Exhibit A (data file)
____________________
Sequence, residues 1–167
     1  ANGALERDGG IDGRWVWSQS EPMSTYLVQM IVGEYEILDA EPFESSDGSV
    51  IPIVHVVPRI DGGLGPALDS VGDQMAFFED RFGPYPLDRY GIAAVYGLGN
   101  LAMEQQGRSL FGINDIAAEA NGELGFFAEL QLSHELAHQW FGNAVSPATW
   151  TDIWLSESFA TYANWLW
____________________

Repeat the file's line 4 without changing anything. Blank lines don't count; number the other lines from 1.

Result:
   101  LAMEQQGRSL FGINDIAAEA NGELGFFAEL QLSHELAHQW FGNAVSPATW